Honestly, the only one that kept their promise was the church. For the rest of my life, in every place I have lived, I have been surrounded by Christian communities that stood like the prodigal son’s father, always looking down the road, anxiously hopeful that I would find my way home. And, with God as my guide, I did. And they told me, because God loved me, because Jesus died for me, and because I was baptized on a Sunday afternoon in 1960, when I walked through their doors, I was coming home.

Jesus public coming out party happened along the shores of the Jordan River. Like all of those other desperate people looking for something that their faith could hold on to, some reassurance that God wasn’t through with them, some promise that things would get better, he slogged through the mud, negotiated the slippery rocks, until he rested in the arms of John, who gently lowered him into the love of God.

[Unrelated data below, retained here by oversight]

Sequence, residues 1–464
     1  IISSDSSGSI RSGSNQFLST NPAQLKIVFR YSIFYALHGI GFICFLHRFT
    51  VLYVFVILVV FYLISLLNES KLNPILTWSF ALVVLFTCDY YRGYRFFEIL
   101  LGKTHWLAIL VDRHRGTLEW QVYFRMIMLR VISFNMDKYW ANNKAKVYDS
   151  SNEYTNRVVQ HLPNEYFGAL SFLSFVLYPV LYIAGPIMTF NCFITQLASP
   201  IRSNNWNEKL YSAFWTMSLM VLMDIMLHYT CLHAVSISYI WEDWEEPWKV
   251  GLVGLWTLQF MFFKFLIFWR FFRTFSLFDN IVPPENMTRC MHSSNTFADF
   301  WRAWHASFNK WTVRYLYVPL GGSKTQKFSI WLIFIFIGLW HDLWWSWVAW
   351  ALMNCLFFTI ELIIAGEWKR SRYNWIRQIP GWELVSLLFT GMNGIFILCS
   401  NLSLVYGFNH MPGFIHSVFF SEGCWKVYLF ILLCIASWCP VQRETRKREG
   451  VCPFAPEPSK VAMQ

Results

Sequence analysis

The heavens were torn open – like the temple veil will be ripped in two when we get there later – and God’s affirming words thundered. Even as Jesus blew the water out of his nose, he knew, in his heart of hearts, he was God’s child. He was loved. His father was proud of him.

My father didn’t make it to my baptism. It was just my mom, the pastor, and his wife as a witness. But that wasn’t about God and it wasn’t about me. As far as God was concerned, and as far as I was concerned, I too was beloved. A work of art, crafted by the creator of the universe. That ain’t bad!

But life didn’t get easier for Jesus. It got harder. Baptism isn’t a “Get Out of The Wilderness Free” card. Baptism IS the assurance that, even when we’re alone in the wilderness, we’re not alone. And even though it feels like we will never get out of the wilderness, one day we will.

When will we ever learn that it is the wilderness that brings us the assurance of faith?

Let us pray: In your baptism, O Lord, you identify yourself with us. You don’t scold us from the front of the room, you sit in the desk with us. You don’t sit with the cool kids in the lunch room, you come back to the corner and sit with us. You might even have had pimples when you were a teenager. Through all these years, you are still with us. In Jesus’ name. Amen.